Replace wafers, oil the motor, and sanitize the interior of the machine.

A solid state thermostat is far superior to the wafer system: consider changing to one.


With the cold weather coming on in many parts of the country, it is time to adjust the feed for poultry accordingly. The trick is to provide enough fat content to allow the birds to maintain their weight during extemely cold times without allowing them to put on too much weight

Using extra corn in the diet will provide the needed fat content but it should be used carefully.


It is a very well spent few moments to periodically check the security of fences and pens. Check for rotting wood, rusty wire, etc. Underestimating the local predators can be very costly.


There is no more foolhardy way to save a few bucks than to skimp on the quality of feed one supplies to either waterfowl or chickens. Cheap feed will invariably produce inferior results.


In my experience, selecting "target faults" to correct  in young fowl is only effective when one zeroes in on 1 or 2. If you select several, chances are you will not be truly successful in correcting any of them. Prioritize your target faults and attempt to select against them over a series of years.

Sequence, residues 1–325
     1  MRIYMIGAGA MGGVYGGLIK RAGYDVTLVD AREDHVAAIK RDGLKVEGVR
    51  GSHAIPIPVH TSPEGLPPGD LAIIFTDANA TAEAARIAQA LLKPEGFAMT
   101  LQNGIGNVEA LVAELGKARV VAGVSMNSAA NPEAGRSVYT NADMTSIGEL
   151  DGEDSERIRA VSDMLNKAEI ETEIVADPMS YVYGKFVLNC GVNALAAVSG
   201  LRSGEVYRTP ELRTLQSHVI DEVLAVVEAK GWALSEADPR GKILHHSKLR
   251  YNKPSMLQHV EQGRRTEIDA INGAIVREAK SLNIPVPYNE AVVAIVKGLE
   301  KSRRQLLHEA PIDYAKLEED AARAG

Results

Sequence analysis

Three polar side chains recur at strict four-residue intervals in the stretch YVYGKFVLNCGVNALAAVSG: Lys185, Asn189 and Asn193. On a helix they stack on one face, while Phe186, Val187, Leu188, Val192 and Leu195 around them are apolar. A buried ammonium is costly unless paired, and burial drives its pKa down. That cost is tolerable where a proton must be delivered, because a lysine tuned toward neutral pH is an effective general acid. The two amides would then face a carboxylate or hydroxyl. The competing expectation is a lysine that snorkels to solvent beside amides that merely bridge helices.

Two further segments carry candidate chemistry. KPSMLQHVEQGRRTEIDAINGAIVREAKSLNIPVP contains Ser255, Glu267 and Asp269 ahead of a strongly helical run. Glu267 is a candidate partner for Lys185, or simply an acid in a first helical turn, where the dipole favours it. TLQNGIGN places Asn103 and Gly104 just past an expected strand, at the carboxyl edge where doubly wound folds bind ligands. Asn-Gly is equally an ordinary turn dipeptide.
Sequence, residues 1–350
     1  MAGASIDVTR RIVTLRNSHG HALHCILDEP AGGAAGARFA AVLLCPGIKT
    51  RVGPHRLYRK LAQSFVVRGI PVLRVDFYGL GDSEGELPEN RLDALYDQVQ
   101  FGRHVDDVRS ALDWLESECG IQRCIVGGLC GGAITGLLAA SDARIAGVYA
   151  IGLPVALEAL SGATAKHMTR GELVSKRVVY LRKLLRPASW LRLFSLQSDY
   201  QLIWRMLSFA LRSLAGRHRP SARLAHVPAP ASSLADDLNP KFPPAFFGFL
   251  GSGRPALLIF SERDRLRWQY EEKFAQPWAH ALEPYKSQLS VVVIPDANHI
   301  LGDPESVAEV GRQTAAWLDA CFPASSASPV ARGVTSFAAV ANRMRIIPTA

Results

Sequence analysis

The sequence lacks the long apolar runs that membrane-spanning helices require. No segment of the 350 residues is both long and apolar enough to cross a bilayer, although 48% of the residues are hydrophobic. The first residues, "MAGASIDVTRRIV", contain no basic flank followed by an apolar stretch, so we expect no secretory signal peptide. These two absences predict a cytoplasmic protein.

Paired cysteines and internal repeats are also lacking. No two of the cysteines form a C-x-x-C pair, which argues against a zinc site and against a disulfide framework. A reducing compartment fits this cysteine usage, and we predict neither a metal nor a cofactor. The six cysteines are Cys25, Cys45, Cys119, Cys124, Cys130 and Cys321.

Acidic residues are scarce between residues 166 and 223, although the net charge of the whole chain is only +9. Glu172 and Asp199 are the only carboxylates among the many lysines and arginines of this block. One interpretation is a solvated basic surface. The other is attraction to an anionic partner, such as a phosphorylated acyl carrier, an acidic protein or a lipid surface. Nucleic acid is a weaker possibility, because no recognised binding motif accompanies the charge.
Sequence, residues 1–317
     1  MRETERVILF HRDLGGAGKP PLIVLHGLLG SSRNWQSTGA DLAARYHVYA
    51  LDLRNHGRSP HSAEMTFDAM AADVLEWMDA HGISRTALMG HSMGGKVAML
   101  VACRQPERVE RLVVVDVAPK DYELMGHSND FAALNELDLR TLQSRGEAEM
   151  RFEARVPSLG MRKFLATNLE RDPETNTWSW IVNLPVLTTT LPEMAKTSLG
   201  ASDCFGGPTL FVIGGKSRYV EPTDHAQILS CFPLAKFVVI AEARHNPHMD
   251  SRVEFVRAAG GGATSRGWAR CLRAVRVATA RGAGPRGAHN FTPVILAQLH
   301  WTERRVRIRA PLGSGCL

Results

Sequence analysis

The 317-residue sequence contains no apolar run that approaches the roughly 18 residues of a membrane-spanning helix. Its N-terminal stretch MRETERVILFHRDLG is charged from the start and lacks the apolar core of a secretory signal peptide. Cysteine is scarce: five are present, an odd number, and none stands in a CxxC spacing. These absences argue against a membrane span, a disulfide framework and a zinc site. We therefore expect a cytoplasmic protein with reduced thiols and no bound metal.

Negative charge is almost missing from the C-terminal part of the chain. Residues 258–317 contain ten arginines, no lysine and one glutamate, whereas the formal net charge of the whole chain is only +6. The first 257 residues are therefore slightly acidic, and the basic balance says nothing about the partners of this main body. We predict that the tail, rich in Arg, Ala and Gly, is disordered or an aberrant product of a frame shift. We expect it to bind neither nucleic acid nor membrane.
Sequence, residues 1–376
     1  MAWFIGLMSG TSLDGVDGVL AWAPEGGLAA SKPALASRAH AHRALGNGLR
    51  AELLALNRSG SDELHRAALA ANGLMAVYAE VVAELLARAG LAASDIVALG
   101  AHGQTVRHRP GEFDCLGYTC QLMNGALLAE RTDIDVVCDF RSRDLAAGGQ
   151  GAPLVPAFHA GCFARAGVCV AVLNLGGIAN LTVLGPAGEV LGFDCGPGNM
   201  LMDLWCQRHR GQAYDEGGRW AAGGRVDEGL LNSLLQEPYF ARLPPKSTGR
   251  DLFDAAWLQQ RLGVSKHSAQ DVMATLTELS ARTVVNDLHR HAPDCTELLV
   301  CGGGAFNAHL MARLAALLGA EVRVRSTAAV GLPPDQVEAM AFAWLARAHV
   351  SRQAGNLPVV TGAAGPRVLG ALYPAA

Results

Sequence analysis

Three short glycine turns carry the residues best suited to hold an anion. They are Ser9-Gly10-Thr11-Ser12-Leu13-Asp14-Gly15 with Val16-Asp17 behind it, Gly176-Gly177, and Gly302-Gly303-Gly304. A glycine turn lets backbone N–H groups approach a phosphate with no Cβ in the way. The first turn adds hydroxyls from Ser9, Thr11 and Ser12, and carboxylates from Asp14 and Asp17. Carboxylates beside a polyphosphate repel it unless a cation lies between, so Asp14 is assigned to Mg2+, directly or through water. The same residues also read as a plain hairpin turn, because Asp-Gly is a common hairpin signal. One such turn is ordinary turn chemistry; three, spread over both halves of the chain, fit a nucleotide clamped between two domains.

Most of us have limited time to spend with our birds. It makes sense, then, to do at least double duty whenever we handle our birds. For example, I always treat birds for lice/mites whenever I handle them wheather I am evaluating show birds, banding them, putting together breeding pens, etc.


This is the time of the year when young chickens in particular may show symptoms of Larygotracheitis. It is a respiratory disease which may spread quickly and cause the loss of many birds in a short span of time. Laryngo can be treated effectively in it's early stages by use of a vaccine. Even if one does not want to vaccinate for Larygo every year, a supply of vaccine is best to have on hand just in case.



Given that young chickens can have coccidiosis triggered by abrupt changes in temperature, especially drops in temperature, consider running a brooder light over them when temps are likely to drop over night.


One of the leading causes of loss among growing chickens is coccidiosis which is often triggered by abrupt changes in temperature. Young chickens should be kept on medicated feed and it maybe good practice to give them supplementary Amprolium in their water. Be sure to follow label directions.


Remember when your birds moult that their diet should be rich in protein. About eighty seven percent of a feather is made up of protein.


Botulism is a deadly bacterial disease that can paralyize either upland fowl or waterfowl and can prove fatal. Most people think it can only come from rotting flesh and maggots but rotting vegetation can also cause Botulism. Do not allow either dead birds or decaying vegetation to remain within reach or the birds.


Keeping young waterfowl on high protein starter/grower too long may well contribute to wing problems such as slipped or "angel" wing.


Remember that young waterfowl should go from start/grow feed to a duck grower of 16/18% by 7-8 weeks. If they can be provided time on grass in good weather, so much the better.